1. Why is this work on Quentin Road being proposed right now?
The Quentin Road upgrade has been talked about for many years. The driving force for the upgrade now is the bridge that crosses Salt Creek on Quentin is in need of repair.
2. What do Federal dollars have to do with this project?
According to the CCHD, Federal dollars have been obtained ($3,000,000) to fix the bridge. In order to get this money, the CCHD must meet the 2030 Average Daily Traffic (ADT) traffic projections. Also according to the CCHD, the ADT for this stretch of Quentin Road requires four traffic lanes plus a fifth center turn lane between Ruhl and Lake Cook to handle the traffic load.
3. Do you disagree with the CCHD traffic load projections?
Sort of. The projections were based on traffic data collected in 2008. They use a mathematical model that predicts the future numbers. So much has changed in the past two years that we suspect the model may need updating. The 2040 projections are due out next year, and they probably will more accurately reflect the changes we will see in urban growth of this region.
But let’s assume the projections are correct. The real point is this: are there other ways to meet the 2030 traffic projections without building five lanes of highway? We think there are. Many people are using "Smart" solutions to address traffic issues short of building more lanes. These include synchronizing traffic lights, adding turn lanes, adjusting traffic speeds.
4. But isn't this segment of Quentin completely overloaded?
Not at all. CCHD traffic counts show that Quentin Road is a very quiet road for most of the day. Quentin has to deal with high peak traffic during two very brief periods in the morning and evening rush hours.
Widening Quentin to three lanes with a full center turning lane, as we propose, goes a long way. It takes all cars turning left at Hill Crest, Woodland, West Center, South, and Ruhl out of the traffic lanes, making the traffic flow much smoother.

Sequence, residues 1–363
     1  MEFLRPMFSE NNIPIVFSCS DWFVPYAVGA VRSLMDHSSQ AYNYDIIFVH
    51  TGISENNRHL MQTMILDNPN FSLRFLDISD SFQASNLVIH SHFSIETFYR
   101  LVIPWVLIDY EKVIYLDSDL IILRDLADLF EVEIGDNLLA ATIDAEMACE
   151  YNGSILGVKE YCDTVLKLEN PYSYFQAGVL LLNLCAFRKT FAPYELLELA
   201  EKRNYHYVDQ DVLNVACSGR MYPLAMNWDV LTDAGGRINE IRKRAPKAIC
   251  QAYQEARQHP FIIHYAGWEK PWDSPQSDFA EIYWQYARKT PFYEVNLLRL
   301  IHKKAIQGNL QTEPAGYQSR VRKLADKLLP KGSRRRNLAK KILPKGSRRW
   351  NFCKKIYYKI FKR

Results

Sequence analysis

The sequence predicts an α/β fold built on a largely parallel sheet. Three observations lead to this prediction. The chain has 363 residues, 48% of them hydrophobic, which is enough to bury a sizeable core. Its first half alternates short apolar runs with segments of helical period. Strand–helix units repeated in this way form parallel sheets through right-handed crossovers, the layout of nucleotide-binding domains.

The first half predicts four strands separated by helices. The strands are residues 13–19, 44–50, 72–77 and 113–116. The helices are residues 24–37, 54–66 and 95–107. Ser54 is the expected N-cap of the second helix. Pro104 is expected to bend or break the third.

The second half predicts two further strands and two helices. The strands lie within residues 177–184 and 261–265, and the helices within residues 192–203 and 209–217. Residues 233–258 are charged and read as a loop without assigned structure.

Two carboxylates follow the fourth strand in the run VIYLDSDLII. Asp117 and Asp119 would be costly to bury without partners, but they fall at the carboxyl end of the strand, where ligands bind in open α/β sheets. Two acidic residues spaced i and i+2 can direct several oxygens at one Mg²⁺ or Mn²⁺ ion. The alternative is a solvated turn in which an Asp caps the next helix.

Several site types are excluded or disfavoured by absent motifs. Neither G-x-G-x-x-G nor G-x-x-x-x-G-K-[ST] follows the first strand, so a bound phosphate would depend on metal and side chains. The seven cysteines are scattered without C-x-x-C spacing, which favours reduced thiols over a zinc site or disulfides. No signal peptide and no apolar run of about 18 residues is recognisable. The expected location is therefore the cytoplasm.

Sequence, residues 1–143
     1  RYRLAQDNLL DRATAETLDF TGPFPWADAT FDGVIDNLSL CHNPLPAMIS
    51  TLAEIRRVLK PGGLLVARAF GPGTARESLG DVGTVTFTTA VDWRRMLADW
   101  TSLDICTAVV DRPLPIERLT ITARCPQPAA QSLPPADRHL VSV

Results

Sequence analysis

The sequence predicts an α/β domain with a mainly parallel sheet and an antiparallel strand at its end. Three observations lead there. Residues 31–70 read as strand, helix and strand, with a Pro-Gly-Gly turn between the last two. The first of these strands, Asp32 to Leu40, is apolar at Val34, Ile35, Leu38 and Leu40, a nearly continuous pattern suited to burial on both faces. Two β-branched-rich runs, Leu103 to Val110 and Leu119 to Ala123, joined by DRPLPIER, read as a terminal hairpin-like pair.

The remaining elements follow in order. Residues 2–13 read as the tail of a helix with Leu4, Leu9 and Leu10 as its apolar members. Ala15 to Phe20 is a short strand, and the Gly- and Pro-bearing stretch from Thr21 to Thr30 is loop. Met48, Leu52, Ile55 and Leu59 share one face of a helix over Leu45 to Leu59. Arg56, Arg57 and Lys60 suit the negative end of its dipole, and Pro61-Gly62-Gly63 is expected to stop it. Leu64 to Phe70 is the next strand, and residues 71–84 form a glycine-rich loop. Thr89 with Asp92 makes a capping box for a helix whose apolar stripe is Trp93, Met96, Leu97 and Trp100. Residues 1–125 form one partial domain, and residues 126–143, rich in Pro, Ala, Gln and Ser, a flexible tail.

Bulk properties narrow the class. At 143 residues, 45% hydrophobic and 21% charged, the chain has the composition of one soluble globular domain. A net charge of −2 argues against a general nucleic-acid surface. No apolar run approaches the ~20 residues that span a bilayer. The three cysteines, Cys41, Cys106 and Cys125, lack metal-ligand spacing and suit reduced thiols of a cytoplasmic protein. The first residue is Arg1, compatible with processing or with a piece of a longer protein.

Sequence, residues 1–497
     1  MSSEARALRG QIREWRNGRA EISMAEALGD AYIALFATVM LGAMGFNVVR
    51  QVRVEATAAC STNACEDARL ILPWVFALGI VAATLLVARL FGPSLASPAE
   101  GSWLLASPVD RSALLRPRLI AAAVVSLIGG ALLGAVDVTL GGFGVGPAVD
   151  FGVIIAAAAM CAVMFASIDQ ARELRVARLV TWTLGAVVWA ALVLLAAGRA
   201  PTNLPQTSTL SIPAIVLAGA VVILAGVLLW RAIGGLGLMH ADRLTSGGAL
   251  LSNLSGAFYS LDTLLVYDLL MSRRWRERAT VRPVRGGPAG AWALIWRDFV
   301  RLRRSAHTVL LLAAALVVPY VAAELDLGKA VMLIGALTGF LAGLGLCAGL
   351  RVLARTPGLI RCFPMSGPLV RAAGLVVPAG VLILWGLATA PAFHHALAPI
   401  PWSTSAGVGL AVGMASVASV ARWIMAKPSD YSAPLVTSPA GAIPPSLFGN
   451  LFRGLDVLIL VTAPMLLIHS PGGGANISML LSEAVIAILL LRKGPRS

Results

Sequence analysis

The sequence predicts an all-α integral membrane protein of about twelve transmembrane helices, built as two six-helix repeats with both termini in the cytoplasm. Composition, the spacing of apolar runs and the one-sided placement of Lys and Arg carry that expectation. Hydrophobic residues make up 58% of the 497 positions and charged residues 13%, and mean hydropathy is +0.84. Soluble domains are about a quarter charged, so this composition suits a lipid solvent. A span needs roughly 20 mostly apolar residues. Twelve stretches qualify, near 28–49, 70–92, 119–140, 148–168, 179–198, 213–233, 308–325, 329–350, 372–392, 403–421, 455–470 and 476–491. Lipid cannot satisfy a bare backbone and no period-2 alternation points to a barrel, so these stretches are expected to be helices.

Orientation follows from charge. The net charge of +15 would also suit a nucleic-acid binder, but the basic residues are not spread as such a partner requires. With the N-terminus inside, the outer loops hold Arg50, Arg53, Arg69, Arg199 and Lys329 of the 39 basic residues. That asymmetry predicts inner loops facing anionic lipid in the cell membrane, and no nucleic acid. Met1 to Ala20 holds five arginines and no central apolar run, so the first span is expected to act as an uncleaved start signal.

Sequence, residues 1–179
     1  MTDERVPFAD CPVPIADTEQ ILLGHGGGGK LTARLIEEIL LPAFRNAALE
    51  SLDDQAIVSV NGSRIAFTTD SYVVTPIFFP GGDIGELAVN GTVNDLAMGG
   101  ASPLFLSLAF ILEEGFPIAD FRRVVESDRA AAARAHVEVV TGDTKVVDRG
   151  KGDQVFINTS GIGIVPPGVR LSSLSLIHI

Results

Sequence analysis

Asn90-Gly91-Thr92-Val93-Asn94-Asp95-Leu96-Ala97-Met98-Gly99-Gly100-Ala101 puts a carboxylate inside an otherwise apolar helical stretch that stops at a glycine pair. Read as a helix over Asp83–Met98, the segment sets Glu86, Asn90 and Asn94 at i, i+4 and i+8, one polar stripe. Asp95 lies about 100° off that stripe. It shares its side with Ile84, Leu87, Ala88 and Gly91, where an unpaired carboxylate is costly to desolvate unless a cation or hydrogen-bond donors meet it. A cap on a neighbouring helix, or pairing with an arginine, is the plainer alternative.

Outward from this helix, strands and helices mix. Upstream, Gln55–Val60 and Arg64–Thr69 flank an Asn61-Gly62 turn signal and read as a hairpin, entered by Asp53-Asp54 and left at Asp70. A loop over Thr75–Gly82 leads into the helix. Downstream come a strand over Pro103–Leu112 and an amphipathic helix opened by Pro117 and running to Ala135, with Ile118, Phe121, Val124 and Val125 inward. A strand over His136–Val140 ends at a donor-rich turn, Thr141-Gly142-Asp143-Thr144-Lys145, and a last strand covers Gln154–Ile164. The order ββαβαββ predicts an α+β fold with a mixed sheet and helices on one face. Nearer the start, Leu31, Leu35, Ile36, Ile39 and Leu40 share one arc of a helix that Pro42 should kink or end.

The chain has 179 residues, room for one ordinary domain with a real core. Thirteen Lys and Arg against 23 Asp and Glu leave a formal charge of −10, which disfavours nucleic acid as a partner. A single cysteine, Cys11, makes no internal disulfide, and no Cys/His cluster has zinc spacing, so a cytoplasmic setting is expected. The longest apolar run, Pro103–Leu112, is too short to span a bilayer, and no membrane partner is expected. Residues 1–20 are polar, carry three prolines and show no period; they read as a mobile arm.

And since the vast majority of traffic travels north/south on Quentin, synchronizing traffic lights at Lake Cook and Dundee (and possibly Rand and North West Highway) will provide a much higher capacity of flowing traffic during the brief peak periods.
5. But what about losing the Federal dollars for this project?
Federal funding is not lost. A three lane "smart" solution does qualify for the federal funds, since our proposal will handle the 2030 traffic projections.
The federal funds are not tied to a five lane solution. The requirement for receiving federal funding is that the proposed solution can meet or exceed the 2030 traffic projections. "Smart" solutions such as the one we proposed have been used all across Illinois and the US at capacities above what is projected for Quentin Road in 2030.
6. Isn’t this section of Quentin Road the bottle neck for all of Quentin Road?
We have not seen any data to support that. It is true that Quentin narrows going south of Lake Cook Road and going north from Dundee Road. This narrowing makes traffic merge. But what you really need to do is drive the entire length of Quentin and determine overall what is preventing the even flow of traffic through the corridor.
We don’t believe the traffic lights are properly synchronized and the missing center turning lane creates significant flow disruptions when cars turn left into the neighborhoods along Quentin Road. To understand the larger picture one normally needs to conduct a "Traffic Impact Assessment" for a larger area - not just a small segment of a road.
7. What about bike paths? What is the plan for bike paths under the CCHD plan compared to what you are proposing?
Good question. Under the CCHD proposal a bike path will be built to connect the existing trail system in Deer Grove West (the Forest Preserve west of Quentin Rd) to the intersection of Lake Cook and Quentin Roads. We understand this will connect the Lake County bike paths to the bike paths in Deer Grove West. The neighborhoods to the east of Quentin would remain isolated from this trail system, and commuters who wish to ride north and south along Quentin would still be without a direct route of travel.
What we propose is to create a bike path (and/or sidewalk) on the East side of Quentin Road, from Lake Cook Road down to the bike path in Deer Grove East at Camp Reinberg, which will also connect with the Palatine bike path system via the underpass into Deer Grove West.
We do not want to see additional bike paths built in Deer Grove West. This has been recently designated a State Nature Preserve, and we believe we should minimize new path construction. There are already quite a few bike paths in Deer Grove West.
In addition, our proposal will address the needs of neighbors for a connection with streets on the East side of Quentin and allow them to travel safely to Lake Cook Road - without having to cross Quentin Road.